Maps and illustrations would have made a big difference. On the day I received my exam results I visited Bath with the aim of buying myself a piece of jewellery, something I do on every significant day. This didn't work out so well with the woman in the jewellery shop being rather rude and me walking out empty handed. However, this did mean I had some extra time, and money, which was put to good use in the local Oxfam second hand bookshop. I will admit that I bought this book because of the pictures.
Call me fickle if you like but since I received an i On the day I received my exam results I visited Bath with the aim of buying myself a piece of jewellery, something I do on every significant day. Call me fickle if you like but since I received an illustrated Odyssey and Iliad for Christmas when I was about eight I have been a sucker for illustrated mythologies.
The illustrations, which I believe are by Peter Komarnyckyj who certainly drew the cover image, are really lovely and remain my favourite part of this book. In fact, they are what lift the rating. All of these aspects were very interesting but I didn't feel that they went together all that well. It made for rather a jerking, jittering read. If I'm completely honest, I enjoyed the introduction section to each myth the most out of all of the writing.
I found myself reminded of Herodotus, in style, when reading Gould's writing on the myths and that is not a compliment! The stories themselves, are usually told in brief. Gould then ties in pieces of 'evidence' to give a fuller picture of stories around the myths in question. Although this means that you get 'all' the story, although I've no doubt that the tales included were chosen as relevant by Gould, leading to omissions, it means that it's not really a story at all but rather a list of happenings.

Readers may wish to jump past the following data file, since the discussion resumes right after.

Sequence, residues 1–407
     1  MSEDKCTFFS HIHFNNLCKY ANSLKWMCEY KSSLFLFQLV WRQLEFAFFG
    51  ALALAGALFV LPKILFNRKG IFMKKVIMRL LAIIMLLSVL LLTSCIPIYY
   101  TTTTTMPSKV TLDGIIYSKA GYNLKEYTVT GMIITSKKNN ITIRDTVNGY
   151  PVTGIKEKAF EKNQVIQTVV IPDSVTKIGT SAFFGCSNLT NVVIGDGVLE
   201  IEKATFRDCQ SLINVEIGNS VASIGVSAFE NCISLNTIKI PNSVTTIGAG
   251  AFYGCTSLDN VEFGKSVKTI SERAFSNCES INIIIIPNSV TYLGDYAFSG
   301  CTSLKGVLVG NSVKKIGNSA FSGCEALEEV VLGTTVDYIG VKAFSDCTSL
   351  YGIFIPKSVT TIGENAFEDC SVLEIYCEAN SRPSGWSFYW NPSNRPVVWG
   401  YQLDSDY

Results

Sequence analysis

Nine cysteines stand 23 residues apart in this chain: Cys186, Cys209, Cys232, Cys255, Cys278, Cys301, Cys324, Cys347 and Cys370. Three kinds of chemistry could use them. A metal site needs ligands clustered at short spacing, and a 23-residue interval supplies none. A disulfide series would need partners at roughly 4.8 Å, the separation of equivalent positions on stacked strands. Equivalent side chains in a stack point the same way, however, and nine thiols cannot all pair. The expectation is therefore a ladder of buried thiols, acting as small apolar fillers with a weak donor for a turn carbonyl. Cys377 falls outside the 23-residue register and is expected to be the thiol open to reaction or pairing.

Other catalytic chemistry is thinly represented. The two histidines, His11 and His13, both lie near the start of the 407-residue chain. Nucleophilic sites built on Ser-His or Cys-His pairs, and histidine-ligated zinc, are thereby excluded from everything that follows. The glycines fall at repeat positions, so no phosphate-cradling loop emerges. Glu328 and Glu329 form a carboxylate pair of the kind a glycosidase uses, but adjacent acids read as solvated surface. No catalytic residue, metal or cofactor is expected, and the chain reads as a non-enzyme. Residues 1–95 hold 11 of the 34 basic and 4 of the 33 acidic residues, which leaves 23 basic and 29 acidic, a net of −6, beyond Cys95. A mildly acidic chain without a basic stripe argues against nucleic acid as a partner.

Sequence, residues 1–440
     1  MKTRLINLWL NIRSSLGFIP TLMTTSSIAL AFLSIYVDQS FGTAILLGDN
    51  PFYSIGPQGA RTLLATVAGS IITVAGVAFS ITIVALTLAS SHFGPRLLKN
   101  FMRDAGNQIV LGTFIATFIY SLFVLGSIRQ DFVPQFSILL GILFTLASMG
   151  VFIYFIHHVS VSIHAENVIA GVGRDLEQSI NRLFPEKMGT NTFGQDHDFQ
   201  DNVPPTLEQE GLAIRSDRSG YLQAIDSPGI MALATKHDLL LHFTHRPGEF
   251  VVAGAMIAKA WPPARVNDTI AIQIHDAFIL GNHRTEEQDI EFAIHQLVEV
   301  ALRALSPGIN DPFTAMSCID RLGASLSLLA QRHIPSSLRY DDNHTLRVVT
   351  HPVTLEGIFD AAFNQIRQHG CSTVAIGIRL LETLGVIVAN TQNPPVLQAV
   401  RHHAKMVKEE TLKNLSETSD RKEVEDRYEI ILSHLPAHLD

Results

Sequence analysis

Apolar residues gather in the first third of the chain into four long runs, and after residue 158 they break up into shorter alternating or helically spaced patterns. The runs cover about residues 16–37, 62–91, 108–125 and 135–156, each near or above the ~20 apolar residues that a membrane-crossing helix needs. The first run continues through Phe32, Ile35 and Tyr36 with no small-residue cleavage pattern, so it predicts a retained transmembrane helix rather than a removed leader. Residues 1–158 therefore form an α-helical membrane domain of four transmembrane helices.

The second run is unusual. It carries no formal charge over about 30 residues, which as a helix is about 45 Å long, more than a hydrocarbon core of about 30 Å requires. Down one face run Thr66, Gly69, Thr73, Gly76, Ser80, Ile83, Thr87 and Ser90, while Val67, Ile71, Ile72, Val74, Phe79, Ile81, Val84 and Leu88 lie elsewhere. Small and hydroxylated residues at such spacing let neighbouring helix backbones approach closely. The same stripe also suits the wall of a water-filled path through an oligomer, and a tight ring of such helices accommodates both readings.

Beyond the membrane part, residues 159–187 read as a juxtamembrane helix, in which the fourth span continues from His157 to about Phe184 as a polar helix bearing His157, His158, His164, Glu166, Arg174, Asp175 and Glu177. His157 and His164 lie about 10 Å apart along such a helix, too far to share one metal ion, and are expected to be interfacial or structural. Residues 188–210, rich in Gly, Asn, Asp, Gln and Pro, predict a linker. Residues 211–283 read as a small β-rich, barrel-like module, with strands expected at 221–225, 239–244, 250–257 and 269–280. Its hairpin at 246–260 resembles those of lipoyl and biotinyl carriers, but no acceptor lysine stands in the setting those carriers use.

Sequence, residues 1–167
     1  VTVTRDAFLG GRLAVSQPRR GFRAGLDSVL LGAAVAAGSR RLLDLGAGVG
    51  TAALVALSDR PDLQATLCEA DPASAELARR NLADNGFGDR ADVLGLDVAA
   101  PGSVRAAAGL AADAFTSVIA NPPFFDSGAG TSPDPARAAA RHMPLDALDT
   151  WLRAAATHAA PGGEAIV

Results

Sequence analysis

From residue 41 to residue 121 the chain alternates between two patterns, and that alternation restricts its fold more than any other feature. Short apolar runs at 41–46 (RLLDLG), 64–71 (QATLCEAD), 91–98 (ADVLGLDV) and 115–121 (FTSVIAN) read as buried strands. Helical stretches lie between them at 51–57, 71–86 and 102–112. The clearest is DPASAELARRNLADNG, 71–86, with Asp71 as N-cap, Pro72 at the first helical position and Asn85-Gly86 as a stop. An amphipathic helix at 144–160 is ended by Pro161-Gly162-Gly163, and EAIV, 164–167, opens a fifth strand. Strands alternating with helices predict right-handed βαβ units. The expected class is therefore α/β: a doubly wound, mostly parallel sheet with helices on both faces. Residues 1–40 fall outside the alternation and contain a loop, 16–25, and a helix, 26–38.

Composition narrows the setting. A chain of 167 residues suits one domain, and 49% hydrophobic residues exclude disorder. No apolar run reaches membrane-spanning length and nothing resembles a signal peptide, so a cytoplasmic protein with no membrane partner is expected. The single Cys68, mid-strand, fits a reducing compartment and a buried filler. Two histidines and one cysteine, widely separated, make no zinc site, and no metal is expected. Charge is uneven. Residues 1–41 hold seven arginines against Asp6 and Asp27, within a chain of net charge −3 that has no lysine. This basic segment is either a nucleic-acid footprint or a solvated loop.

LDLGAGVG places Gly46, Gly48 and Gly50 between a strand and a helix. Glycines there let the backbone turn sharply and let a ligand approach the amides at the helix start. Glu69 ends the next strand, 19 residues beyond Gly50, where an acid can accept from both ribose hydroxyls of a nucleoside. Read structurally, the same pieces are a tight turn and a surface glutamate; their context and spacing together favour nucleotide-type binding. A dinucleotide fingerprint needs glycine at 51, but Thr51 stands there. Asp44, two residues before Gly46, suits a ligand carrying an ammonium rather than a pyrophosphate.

The tales wouldn't be interesting to someone who hadn't already got an interest in Medieval myths. Then you get onto interpretation and ideas about where the stories and myths might have come from. The biggest complaint I have read about this book regards the somewhat tunnel visioned interpretation that Gould offers of the myths detailed, he being both Victorian, and a Christian Reverend.
I would agree that there is a Christian emphasis to the myths, both in the choosing, and in the telling. That said, writing often tells us more about the people who wrote it and the times in which they lived than the times about which they are writing and I think that, if we can keep that in mind, it's not a bad thing at all. It's impossible to be objective. However, I do think Gould was trying to be objective, stating, "Like many another ancient myth, it was laid hold of by Christian hands and baptised". All the same, it's probably not the most objective academic study of mythology available.